I didn't cut any length off the paper pattern -- I just used the cut end of the fabric as the bottom of my pieces. I also didn't worry about making the bodice pieces all perfectly match, length-wise. I just left enough on each that I felt comfortable that I wouldn't fall short, and then I was careful stitching to match up any notches. The bodice underlap piece on this dress cuts off close to the waistline. Taller gals than me might be able to use it as your waistline marker. I had to clip about 1.5 - 2" off of it.
I made a quick fabric belt out of the same satin I used for the rest of the dress, and tacked it into place along the waistline. If I were to make this dress again, I think I would incorporate the belt along the waist seam.
I think this is such a fun dress! I can so easily see an entire "Mad Men" style wedding party, or just a fun retro-themed soiree. Who wants to host?
This is the first in a new series, where I take inspiration
from film and television, and find ways to work silver screen style into my
day-to-day wardrobe. I hope we all have fun with it!
To kick things off, I'm starting with one of my very favorite movies of all time -- "Mary Poppins." I have had a crush on Dick Van Dyke ever since I first saw this movie as a kid. The DVD is on heavy rotation in my sewing room DVD player. I hum the songs nearly constantly. Hello, my name is Holly, I and I am addicted to "Mary Poppins."
I adore the jacket Bert wears during the Jolly Holiday fantasy sequence. The stripes are so fun, and the look is just joyous. I have been lucky enough to see the original piece -- it's on display in a shop in Disney's Hollywood Studios. Imagine my delight and surprise when I saw that the fabric pattern is actually customized with grosgrain ribbon stitched onto a striped base. Instant inspiration!
I decided to make a jacket for myself based on Bert's finery. I tweaked the colors slightly, thinking that I wanted to end up with something that had a look reminiscent of ribbon candy.
Here's what I used:
- A blazer pattern I drafted for myself about eight years ago. Almost any pattern you like will work just fine, though I'd recommend one without too many seams. The short style on this Indygo Junction pattern is a good candidate.
- 2 1/2 yards of striped fabric. I used a Premier Prints stripe as my base.
- 10 yards of yellow grosgrain ribbon
- 10 yards of orange striped grosgrain ribbon
- 2 1/2 yards of sunflower china silk lining
I cut all my pieces from my base fabric first, then I stitched down all my ribbon on the cut pieces. This was time consuming, but so totally worth it for a completely custom look. The key here is to mirror the look side to side if you want to achieve a symmetrical look. If you like to shake things up by not worrying about symmetry, that'll give your jacket a totally different edge. It's all about playing!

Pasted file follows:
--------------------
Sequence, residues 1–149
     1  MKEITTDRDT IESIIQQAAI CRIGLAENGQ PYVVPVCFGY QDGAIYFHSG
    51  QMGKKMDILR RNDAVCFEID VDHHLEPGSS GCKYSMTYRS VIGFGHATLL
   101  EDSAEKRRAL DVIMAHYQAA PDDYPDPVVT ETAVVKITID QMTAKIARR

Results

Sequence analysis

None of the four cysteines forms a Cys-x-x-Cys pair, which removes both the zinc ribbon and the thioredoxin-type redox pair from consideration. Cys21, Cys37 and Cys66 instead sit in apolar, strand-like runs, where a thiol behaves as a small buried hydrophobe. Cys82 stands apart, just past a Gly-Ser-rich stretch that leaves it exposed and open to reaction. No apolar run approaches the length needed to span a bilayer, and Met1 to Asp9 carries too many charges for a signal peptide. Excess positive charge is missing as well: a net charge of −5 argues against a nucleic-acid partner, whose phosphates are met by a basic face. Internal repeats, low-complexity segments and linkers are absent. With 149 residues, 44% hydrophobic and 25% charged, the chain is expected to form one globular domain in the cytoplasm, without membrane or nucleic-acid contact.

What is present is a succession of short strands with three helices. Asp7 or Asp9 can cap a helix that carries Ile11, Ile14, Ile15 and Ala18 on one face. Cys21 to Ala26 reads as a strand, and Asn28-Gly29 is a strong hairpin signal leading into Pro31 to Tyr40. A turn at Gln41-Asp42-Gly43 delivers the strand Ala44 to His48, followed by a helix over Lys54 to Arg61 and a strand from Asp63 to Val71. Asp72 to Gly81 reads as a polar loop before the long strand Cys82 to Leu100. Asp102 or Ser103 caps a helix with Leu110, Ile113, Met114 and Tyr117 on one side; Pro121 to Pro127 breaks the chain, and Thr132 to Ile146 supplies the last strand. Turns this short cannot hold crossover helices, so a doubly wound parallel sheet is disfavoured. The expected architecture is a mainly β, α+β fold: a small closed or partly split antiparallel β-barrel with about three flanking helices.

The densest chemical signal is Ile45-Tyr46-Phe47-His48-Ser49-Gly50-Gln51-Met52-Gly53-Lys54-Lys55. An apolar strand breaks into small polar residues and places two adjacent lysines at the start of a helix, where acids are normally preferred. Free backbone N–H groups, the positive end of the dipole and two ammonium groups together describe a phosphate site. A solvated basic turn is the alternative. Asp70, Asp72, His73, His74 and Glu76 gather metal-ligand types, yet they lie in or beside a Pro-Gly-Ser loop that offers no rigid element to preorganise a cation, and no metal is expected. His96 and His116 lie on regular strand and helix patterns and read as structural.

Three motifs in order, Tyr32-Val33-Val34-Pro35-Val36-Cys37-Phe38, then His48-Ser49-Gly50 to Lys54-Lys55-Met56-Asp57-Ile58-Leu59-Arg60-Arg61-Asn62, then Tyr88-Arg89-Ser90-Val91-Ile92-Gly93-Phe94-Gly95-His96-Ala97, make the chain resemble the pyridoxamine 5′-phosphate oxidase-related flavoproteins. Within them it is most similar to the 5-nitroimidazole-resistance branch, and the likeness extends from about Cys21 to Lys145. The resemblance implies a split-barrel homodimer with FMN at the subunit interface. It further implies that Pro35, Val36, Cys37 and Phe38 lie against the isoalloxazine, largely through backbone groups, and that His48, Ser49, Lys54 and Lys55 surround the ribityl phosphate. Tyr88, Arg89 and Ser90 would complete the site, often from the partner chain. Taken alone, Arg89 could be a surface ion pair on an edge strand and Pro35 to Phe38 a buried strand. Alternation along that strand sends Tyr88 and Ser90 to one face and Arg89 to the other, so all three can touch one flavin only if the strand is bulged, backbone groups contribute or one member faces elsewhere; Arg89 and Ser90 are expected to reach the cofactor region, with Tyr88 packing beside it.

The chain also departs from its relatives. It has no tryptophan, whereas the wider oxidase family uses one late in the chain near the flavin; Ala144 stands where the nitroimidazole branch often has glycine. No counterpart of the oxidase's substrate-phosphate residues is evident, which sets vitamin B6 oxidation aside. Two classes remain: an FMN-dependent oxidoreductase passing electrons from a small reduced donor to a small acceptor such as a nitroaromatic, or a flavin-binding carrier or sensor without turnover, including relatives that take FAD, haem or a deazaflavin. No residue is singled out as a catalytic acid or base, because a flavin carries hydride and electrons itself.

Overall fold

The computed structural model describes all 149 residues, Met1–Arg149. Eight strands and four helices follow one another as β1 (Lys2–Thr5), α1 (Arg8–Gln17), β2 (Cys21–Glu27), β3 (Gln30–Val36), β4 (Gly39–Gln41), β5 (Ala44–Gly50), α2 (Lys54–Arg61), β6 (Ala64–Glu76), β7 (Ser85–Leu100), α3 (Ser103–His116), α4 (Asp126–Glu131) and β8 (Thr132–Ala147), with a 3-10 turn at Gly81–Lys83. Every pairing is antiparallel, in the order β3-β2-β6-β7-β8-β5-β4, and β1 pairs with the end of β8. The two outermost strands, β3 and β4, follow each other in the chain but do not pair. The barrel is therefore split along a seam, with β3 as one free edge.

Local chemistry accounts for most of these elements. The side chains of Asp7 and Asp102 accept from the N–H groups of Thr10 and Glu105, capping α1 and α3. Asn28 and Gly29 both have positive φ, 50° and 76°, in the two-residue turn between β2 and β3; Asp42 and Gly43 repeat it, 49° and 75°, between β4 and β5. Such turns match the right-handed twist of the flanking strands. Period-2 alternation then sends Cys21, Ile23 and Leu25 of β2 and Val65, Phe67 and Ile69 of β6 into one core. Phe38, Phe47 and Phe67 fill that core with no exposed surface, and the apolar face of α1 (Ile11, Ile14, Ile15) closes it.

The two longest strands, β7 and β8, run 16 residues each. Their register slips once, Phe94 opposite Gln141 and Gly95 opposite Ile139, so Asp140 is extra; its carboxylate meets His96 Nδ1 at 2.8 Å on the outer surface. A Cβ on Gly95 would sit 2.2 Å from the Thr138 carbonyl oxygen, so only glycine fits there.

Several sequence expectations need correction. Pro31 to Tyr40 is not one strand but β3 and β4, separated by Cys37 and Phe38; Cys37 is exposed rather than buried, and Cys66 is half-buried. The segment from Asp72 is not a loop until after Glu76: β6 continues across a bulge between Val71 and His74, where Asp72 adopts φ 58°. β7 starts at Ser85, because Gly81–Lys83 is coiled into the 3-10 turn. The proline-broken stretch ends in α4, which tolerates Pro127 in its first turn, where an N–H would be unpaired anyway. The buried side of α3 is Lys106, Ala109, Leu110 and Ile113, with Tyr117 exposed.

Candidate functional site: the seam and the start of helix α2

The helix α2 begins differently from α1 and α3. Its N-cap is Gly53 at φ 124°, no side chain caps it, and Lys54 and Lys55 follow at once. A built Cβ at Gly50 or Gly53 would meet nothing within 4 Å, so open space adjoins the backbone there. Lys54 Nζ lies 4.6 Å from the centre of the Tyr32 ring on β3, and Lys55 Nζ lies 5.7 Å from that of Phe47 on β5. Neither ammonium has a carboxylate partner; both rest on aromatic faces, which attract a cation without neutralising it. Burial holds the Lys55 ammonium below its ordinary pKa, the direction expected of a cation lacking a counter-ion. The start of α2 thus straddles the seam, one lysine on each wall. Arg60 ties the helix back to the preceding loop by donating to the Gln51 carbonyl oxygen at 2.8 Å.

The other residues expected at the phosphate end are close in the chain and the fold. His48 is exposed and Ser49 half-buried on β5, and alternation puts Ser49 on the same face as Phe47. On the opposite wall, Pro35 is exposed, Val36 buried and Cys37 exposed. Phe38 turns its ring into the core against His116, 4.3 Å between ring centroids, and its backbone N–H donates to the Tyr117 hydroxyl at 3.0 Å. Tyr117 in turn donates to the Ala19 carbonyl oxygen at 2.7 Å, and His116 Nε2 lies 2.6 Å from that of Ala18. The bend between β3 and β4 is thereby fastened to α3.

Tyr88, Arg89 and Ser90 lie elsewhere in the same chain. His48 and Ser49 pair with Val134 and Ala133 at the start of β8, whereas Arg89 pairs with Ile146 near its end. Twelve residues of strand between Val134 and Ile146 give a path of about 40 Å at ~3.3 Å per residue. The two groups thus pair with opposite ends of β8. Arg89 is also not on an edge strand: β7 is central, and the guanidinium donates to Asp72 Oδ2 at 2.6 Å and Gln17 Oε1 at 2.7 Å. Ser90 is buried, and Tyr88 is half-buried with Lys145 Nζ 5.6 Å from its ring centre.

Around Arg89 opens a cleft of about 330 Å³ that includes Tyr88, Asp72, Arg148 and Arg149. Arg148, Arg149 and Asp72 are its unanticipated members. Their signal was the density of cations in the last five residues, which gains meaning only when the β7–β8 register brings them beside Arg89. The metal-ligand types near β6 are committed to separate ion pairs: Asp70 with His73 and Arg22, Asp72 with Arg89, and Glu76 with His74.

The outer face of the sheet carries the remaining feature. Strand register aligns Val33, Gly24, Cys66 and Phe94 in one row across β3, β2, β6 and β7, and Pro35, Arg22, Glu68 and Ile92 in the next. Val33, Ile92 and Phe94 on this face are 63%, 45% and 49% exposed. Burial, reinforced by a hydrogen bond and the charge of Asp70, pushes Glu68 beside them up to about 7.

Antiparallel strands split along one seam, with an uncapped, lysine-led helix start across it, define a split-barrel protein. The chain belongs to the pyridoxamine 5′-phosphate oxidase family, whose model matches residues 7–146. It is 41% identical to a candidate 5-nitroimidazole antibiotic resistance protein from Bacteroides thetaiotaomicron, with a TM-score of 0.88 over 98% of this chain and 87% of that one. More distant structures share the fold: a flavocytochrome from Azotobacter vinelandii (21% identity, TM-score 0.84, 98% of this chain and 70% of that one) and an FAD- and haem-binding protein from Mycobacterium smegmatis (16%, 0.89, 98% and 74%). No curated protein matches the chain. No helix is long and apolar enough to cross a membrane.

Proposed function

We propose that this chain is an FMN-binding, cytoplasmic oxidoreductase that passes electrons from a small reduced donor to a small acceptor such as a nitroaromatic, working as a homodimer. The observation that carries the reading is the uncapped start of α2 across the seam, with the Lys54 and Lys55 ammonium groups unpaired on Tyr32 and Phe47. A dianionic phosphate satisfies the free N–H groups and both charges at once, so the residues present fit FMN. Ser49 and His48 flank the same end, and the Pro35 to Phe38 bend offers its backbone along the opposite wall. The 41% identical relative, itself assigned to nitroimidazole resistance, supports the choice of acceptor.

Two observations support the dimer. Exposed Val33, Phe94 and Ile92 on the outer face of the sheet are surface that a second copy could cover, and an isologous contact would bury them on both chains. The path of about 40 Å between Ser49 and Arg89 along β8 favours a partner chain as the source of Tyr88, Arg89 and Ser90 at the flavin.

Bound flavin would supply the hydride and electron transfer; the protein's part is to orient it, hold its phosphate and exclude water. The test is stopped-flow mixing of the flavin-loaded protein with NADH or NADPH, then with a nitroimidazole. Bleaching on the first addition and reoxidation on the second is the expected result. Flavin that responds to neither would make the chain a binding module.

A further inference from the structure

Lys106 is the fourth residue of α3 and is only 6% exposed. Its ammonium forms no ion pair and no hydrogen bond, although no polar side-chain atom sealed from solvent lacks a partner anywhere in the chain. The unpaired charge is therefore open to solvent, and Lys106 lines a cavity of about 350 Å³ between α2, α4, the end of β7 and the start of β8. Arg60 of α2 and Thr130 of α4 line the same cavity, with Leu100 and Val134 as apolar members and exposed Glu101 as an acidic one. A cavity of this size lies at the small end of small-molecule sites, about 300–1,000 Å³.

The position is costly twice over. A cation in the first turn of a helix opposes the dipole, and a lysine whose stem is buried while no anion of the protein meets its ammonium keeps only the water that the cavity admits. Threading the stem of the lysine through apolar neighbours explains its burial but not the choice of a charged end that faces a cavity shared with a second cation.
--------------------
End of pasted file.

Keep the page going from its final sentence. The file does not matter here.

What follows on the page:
Once the ribbon was all stitched down (I used every bit of those 10 yards!), I assembled the jacket like normal, and ended up with some serious stripey fun!
Even though the colors on mine are springy, I plan on wearing it through winter while I wait for warmer weather. With the addition of a glittery pink mini poinsettia from the local garden and craft store, I am ready for holiday cheer! (Have I mentioned how much I LOVE the trend in recent years of pastels being holiday colors? LOVE!) It'll be a jolly holiday indeed, and this look will carry me right through spring.
Imagine all the combinations you can use to make your own entirely custom look! I love the idea of making a project like this with my go-to color combo of black, pink and gray. And who says you have to start with a striped base? Applique ribbon stripes over a print base, and you can really create some amazing designs -- all uniquely you!
One of my many personal mantras is: Any excuse to make a dress. If there's any sort of social occasion on my calendar, I want a new outfit for it. That goes triple for holidays.
I adore coming up with froufy dresses for fancy parties, so normally, once Halloween is over, it's time to plan holiday attire. The problem is, the economy has downgraded a lot of parties to a more casual vibe. Whether it's the company Christmas shindig or a friend's house party, odds are, fancy dress is not going to be on the docket this year. But I still want a fun dress!
So, for a fun outfit that won't put me in overdressed territory, I opted to shop our holiday quilting cotton prints this year. Of course, I couldn't pick just one, so I ended up with two: this adorable candy cane print, and a sparkly poinsettia print from the Festive Elegance collection.
I opted for a fun silhouette, with a fitted bodice and
medium-full skirt. There's also a little bit of puff to the sleeves for a
little extra girlie flair.
I like how my candy cane dress feels a little more casual and the poinsettia version is just a little more grown up. I can't wait to start hunting for tights, accessories and the perfect nail polish to complete my outfits! Now I just need to make sure I have the right parties lined up to wear them at ...
If using a full-on holiday print is just too much for you, a damask print in a holiday color way is a perfect way to keep things a little more grown-up and classic. Get creative, have fun and relish all the compliments you get at every party you attend. Cheers to originality!